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Write $x^3 + 2x+1$ as a product of linear polynomials over some extension field of $\mathbb{Z}_3$

Long division seems to be taking me nowhere, If $\beta$ is a root in some extension then using long division one can write

$$x^3 + 2x+1 = (x-\beta) (x^2+ \beta x+ \beta^2 + 2)$$

Here is a similar question

Suppose that $\beta$ is a zero of $f(x)=x^4+x+1$ in some field extensions of $E$ of $Z_2$.Write $f(x)$ as a product of linear factors in $E[x]$

Is there a general method to approach such problems or are they done through trail and error method.

I haven't covered Galois theory and the problem is from field extensions chapter of gallian, so please avoid Galois theory if possible.

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  • $\begingroup$ Note that $\mathbb{Z}$ is not a field. Did you perhaps mean $Z_2$? $\endgroup$ – quasi Mar 16 '17 at 8:11
  • $\begingroup$ Presumably you want this over an extension field of $\Bbb{Q}$. If $\beta$ is one zero, then you get the other two by applying the quadratic formula to the quadratic factor that you obtained by long division. $\endgroup$ – Jyrki Lahtonen Mar 16 '17 at 8:19
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    $\begingroup$ Over $\Bbb{Z}_3$ your polynomial looks like $x^3-x+1$. A big hint: Can you show that if $\beta$ is one zero then $\beta+1$ is another? $\endgroup$ – Jyrki Lahtonen Mar 16 '17 at 8:24
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    $\begingroup$ And after that hint, remember Vieta's formulas. The sum of the roots is ... $\endgroup$ – quasi Mar 16 '17 at 8:28
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    $\begingroup$ The general result is that the zeros of $m(x)=x^p-x+a$ over any field $F$ of characteristic $p$ have the form $\alpha,\alpha+1,\alpha+2,\ldots,\alpha+(p-1)$ where $\alpha$ is one of the zeros. The question whether $m(x)$ is irreducible over $F$ is a bit trickier. It is always irreducible over $F=\Bbb{Z}_p$ if $a\neq0$. $\endgroup$ – Jyrki Lahtonen Apr 4 '17 at 7:07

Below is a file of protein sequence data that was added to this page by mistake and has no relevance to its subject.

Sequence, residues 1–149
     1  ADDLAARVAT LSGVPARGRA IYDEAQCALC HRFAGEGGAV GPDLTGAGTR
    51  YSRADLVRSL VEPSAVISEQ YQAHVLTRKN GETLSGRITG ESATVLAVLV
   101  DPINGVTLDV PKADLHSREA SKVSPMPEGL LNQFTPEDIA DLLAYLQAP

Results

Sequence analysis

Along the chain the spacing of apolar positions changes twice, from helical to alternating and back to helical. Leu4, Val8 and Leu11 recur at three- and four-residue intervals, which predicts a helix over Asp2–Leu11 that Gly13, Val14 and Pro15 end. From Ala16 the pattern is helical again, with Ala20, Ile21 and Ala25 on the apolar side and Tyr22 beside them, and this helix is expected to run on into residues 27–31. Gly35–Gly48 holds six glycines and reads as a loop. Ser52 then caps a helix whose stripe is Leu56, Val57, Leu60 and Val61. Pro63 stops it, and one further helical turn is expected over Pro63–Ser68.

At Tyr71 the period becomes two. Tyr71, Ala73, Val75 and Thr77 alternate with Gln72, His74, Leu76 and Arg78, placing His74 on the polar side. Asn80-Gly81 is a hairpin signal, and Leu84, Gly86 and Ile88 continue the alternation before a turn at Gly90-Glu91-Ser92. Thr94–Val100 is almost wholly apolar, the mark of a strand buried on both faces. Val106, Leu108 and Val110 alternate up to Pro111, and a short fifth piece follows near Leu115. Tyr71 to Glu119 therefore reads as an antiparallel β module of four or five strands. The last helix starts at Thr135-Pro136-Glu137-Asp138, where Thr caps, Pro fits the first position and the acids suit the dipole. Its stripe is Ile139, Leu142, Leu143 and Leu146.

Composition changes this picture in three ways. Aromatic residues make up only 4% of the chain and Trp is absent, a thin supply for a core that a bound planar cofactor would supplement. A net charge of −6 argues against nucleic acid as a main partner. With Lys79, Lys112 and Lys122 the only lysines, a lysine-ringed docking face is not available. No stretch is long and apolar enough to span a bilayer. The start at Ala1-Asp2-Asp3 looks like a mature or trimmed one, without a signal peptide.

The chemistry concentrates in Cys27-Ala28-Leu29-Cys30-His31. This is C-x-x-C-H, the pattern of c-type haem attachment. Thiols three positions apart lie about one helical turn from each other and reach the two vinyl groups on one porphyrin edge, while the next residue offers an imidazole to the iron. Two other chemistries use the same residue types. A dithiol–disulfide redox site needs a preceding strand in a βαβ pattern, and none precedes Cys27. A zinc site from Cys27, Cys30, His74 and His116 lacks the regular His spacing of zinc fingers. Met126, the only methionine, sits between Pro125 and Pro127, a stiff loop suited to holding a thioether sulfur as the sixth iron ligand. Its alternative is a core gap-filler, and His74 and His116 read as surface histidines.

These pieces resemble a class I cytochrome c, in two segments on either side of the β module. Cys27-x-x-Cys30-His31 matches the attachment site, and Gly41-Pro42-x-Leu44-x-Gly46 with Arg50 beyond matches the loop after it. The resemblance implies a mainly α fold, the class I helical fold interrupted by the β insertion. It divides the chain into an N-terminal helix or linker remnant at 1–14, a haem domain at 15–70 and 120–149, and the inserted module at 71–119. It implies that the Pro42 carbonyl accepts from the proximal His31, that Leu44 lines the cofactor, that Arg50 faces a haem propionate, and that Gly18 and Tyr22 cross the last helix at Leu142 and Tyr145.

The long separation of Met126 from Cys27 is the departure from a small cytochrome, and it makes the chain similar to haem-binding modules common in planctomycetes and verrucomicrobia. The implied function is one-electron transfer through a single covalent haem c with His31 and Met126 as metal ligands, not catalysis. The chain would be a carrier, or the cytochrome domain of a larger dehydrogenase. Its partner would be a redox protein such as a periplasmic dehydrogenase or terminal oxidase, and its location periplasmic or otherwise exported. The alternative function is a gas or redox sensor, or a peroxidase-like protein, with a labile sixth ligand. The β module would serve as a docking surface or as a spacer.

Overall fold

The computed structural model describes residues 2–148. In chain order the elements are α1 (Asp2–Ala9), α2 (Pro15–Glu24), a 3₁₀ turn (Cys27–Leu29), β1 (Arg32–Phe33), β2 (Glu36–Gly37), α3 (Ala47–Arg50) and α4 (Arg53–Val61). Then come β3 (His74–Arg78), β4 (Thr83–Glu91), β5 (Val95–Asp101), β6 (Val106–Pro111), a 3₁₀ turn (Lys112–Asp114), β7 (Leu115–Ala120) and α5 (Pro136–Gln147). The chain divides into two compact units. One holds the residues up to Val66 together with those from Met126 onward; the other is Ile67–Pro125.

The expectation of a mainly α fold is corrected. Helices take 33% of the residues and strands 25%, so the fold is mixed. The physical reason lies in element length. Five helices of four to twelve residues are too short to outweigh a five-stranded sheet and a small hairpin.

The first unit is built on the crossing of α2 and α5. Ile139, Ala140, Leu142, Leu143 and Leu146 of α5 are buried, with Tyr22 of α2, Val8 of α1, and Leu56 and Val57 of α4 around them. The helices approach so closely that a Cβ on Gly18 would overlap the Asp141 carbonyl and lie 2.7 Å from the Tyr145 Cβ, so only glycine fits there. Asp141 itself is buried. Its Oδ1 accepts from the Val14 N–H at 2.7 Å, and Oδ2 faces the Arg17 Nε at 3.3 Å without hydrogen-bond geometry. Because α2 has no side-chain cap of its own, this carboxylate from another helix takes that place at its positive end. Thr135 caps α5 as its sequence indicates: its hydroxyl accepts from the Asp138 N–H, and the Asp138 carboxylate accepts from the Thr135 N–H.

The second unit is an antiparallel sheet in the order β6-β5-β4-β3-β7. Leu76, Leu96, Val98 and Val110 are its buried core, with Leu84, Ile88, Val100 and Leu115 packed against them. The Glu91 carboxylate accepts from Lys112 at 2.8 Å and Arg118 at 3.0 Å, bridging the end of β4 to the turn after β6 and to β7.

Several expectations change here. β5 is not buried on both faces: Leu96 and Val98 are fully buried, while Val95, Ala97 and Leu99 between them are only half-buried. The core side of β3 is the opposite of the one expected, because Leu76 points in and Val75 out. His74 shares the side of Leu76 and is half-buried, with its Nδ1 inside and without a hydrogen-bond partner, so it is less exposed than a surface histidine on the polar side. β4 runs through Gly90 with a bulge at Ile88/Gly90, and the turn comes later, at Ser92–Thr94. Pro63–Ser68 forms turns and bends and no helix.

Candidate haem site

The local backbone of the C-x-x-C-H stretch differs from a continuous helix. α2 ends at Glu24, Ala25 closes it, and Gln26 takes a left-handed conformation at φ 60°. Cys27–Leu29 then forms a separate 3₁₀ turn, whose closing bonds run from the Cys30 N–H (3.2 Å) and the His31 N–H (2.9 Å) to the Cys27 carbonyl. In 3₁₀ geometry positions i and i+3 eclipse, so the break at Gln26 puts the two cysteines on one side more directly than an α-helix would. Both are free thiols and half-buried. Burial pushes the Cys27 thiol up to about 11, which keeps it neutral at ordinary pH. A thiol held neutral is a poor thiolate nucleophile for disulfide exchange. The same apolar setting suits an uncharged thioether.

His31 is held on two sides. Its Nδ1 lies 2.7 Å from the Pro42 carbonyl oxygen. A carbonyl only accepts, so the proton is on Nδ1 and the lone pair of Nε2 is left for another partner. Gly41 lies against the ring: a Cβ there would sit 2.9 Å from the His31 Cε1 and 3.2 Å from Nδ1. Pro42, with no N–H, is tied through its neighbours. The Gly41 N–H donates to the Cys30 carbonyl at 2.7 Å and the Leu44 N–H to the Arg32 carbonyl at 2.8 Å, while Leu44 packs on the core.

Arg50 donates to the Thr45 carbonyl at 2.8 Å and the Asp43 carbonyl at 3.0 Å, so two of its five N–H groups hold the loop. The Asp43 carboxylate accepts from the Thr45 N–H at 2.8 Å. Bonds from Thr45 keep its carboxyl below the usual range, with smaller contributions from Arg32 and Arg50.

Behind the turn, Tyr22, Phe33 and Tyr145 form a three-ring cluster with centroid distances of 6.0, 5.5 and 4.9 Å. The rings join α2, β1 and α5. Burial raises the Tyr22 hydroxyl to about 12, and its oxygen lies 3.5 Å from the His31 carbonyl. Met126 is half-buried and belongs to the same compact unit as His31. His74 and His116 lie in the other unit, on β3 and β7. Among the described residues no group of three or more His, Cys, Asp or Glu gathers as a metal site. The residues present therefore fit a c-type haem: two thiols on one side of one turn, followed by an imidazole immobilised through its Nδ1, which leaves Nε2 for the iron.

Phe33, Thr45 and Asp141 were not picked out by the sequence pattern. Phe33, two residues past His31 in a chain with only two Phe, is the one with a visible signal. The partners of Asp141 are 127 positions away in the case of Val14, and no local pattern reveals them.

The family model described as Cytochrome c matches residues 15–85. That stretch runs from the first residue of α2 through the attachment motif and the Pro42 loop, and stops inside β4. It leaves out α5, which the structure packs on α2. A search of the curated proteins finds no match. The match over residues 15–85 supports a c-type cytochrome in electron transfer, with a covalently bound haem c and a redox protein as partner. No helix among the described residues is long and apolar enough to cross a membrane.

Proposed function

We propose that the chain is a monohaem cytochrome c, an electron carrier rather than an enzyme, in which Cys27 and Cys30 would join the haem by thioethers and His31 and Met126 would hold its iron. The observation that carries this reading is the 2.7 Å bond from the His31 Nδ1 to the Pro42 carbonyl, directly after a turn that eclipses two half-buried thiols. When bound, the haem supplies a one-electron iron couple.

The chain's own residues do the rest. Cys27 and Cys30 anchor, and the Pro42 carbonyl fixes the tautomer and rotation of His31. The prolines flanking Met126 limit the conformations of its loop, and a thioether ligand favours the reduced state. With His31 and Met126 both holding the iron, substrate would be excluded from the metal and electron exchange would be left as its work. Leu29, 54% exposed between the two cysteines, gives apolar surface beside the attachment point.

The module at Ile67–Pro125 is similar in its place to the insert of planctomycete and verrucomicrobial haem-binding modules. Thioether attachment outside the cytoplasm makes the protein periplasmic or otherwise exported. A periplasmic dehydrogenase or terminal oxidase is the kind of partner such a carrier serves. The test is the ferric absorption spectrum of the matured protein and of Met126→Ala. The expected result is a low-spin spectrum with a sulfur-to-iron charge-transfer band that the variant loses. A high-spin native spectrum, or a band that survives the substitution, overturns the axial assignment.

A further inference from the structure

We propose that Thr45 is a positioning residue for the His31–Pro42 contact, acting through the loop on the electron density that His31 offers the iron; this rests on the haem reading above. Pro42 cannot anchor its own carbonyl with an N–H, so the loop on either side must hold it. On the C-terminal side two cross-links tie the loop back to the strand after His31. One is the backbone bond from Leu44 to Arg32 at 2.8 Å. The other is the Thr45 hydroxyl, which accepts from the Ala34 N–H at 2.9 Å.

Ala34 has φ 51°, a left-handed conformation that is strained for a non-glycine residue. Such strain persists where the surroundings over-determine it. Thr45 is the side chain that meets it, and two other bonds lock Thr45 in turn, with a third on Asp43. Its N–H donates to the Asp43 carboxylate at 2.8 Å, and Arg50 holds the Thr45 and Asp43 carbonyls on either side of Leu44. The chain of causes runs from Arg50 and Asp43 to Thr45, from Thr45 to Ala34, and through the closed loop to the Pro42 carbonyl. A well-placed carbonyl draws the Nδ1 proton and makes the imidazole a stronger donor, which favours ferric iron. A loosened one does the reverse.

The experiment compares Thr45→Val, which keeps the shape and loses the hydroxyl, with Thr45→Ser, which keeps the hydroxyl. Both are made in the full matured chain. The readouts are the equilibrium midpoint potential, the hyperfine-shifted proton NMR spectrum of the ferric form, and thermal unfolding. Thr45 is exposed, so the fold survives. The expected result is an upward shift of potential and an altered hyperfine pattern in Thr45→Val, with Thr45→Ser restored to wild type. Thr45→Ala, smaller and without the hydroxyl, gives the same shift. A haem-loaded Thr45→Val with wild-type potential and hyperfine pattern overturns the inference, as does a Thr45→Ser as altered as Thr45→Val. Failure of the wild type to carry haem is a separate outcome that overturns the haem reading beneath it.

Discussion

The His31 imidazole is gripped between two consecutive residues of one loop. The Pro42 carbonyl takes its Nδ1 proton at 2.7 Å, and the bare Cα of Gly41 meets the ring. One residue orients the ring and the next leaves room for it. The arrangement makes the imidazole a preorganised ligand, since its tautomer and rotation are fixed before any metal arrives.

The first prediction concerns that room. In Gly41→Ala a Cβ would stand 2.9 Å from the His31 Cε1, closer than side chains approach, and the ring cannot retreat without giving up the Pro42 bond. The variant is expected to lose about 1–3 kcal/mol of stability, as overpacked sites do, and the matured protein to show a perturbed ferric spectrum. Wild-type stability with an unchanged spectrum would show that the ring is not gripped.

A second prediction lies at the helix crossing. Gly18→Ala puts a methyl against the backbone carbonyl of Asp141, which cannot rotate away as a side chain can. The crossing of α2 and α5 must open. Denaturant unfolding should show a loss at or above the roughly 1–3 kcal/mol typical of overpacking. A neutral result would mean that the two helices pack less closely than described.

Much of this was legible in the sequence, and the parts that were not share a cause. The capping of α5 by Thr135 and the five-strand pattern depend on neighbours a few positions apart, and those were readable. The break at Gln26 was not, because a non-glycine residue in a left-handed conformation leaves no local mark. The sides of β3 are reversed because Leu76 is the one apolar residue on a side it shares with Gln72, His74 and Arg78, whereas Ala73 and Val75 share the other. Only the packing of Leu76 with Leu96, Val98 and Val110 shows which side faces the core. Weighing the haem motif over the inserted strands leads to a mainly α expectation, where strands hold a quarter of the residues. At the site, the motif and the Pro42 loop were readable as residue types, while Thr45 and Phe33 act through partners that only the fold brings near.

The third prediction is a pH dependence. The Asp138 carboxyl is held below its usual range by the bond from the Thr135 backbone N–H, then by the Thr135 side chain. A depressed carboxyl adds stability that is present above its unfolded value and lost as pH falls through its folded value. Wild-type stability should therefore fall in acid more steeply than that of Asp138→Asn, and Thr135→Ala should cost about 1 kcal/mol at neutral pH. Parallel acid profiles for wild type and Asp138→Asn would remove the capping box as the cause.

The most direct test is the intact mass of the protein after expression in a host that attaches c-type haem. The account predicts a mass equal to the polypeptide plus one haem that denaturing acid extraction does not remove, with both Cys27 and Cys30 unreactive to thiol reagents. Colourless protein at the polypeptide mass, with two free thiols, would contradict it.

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If you want to continue the way you started, i.e. with $$x^3 + 2x+1 = (x-\beta) (x^2+ \beta x+ \beta^2 + 2)$$ you can try to find the roots of the second factor by using the usual method for quadratics, adjusted for characteristic 3. I'll start it so you know what I mean:

To solve $x^2+ \beta x+ \beta^2 + 2=0$, we can complete the square, noting that $2\beta + 2\beta = \beta$ and $4\beta^2=\beta^2$in any extension of $\mathbb{Z}_3$ (since $4\equiv 1$). $$x^2+ \beta x+ \beta^2 + 2=(x+2\beta)^2 + 2=0$$ But this is easy now since this is the same as $$(x+2\beta)^2 = 1$$ which should allow you to get the remaining roots.

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You can just apply the Frobenius automorphism to get the other roots :
If $\beta$ is a root of $x^3+2x+1$, then so are $\beta^3 = \beta+2$, and $\beta^9 = (\beta+2)^3 = (\beta+2)+2 = \beta+1$

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  • $\begingroup$ Could you plz expand on your answer.... How you are using frobenius automorphism...I am just aware of the definition... Nothing more $\endgroup$ – spaceman_spiff Mar 16 '17 at 12:29
  • $\begingroup$ if $\beta^3+2\beta+1 = 0$, after cubing it you get $(\beta^3)^3 + 2\beta^3+1 = 0$ $\endgroup$ – mercio Mar 16 '17 at 13:51

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